Oracle’s announcement of its $9.3 billion planned acquisition of NetSuite is sending not only a signal about how serious it is about becoming a major force in the cloud, but it also an acknowledgement of how critical a role the channel plays in profitably bringing these application services to market.
Not too long ago, conventional wisdom held that most software-as-a-service (SaaS) applications would be consumed by organizations that signed up on their own to consume them. In reality, it turns out the cost of acquiring customers, getting them to expand the use of those applications and getting them to renew their contracts is a major sales endeavor. In fact, it’s one of the major factors contributing to why the majority of the providers of these applications are still not profitable, which in turn makes them more susceptible to being acquired.
“One of the major trends you’re seeing here is that the master brands are starting to take over,” said Bruce Guptil, an industry analyst with Information Services Group. “A lot of the investors in these companies tend to underestimate what it takes to really succeed.
In contrast, Guptil notes that vendors such as Oracle have already absorbed the cost of building out both direct and indirect sales channels.
Of course, speculation about Oracle’s acquisition of NetSuite has been rampant since the company was first founded 14 years ago to deliver ERP applications in the cloud. As one of the primary investors in NetSuite, Oracle chairman Larry Ellison has quietly championed NetSuite’s rapid expansion.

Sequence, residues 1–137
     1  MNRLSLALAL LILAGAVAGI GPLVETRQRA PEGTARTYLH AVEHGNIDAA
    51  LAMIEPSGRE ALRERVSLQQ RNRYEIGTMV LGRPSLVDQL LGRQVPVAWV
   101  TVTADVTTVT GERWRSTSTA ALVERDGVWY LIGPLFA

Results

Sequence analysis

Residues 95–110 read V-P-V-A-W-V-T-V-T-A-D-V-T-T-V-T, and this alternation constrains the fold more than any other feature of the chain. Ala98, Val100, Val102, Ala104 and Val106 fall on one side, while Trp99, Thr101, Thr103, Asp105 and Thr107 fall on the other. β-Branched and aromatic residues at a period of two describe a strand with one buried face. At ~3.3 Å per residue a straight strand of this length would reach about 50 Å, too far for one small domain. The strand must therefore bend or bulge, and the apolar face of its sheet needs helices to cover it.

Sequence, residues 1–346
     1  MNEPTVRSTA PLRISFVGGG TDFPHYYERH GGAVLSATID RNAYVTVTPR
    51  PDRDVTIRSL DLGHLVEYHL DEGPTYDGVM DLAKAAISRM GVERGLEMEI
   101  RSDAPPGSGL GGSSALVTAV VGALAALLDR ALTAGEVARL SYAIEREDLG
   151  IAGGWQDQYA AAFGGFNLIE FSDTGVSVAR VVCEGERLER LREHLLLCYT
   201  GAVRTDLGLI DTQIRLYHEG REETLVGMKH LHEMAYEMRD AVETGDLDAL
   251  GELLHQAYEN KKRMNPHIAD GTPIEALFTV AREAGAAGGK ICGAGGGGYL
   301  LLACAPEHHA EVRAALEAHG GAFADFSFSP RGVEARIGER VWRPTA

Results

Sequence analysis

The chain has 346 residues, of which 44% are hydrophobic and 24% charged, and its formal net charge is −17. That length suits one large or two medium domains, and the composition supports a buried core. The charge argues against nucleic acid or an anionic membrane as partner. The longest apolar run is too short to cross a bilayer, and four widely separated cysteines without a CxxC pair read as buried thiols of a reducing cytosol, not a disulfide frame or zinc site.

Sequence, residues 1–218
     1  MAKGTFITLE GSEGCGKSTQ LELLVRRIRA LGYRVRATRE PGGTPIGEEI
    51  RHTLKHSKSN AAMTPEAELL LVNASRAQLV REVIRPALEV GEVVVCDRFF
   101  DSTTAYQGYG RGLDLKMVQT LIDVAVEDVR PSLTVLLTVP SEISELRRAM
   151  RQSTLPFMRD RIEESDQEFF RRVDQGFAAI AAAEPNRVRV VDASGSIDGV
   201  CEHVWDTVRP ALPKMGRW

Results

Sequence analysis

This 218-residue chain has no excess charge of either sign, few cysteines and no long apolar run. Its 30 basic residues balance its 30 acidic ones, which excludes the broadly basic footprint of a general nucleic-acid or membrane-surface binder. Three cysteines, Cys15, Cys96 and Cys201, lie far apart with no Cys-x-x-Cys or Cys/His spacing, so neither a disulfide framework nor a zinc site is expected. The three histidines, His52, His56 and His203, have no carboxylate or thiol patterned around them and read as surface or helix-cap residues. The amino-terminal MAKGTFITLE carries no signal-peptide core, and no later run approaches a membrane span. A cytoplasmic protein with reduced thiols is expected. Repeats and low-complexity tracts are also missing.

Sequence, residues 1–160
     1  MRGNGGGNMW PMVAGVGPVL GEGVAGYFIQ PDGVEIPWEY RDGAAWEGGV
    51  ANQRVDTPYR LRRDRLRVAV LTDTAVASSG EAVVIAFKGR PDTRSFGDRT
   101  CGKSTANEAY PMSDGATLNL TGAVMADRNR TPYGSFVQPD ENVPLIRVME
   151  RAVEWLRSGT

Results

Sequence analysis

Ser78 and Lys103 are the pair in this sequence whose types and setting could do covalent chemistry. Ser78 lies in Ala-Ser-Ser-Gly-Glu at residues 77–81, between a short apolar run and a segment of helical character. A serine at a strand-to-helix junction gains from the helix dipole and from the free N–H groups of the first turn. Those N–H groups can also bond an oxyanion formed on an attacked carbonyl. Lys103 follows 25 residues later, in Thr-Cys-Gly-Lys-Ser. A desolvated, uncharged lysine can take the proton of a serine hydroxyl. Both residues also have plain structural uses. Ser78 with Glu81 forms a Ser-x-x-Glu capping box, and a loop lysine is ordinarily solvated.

In contrast, Oracle itself has been much slower to shift the balance of its portfolio to the cloud. The upside from the perspective of Oracle and its existing partners is that NetSuite historically focused on the small and midsize (SMB) space, in which Oracle has been traditionally weak.
“Oracle has tried a number of times to break into the SMB space,” Kaplan said. “And lately, NetSuite has been nibbling around the enterprise.”
The acquisition of NetSuite is only the latest in a series of similar moves by tech giants. SAP and IBM, in particular, have been especially aggressive in this regard. Now Kaplan notes that industry insiders are waiting to see if there will be additional acquisitions of SaaS application providers, such as ServiceNow and Workday.
In the meantime, Kaplan notes that one of the great ironies of the rise of cloud applications is that rather than being disintermediated, solution providers across the channel are generating significant profits by integrating these applications with existing legacy systems.
“It turns out there’s a lot of demand for integration,” Kaplan said. “The integrators are making more money than anybody.”
Mike Vizard has covered IT for more than 25 years, and has edited or contributed to a number of tech publications, including InfoWorld, CRN and eWeek. He currently blogs daily for IT Business Edge and contributes to CIOinsight, Channel Insider and Baseline.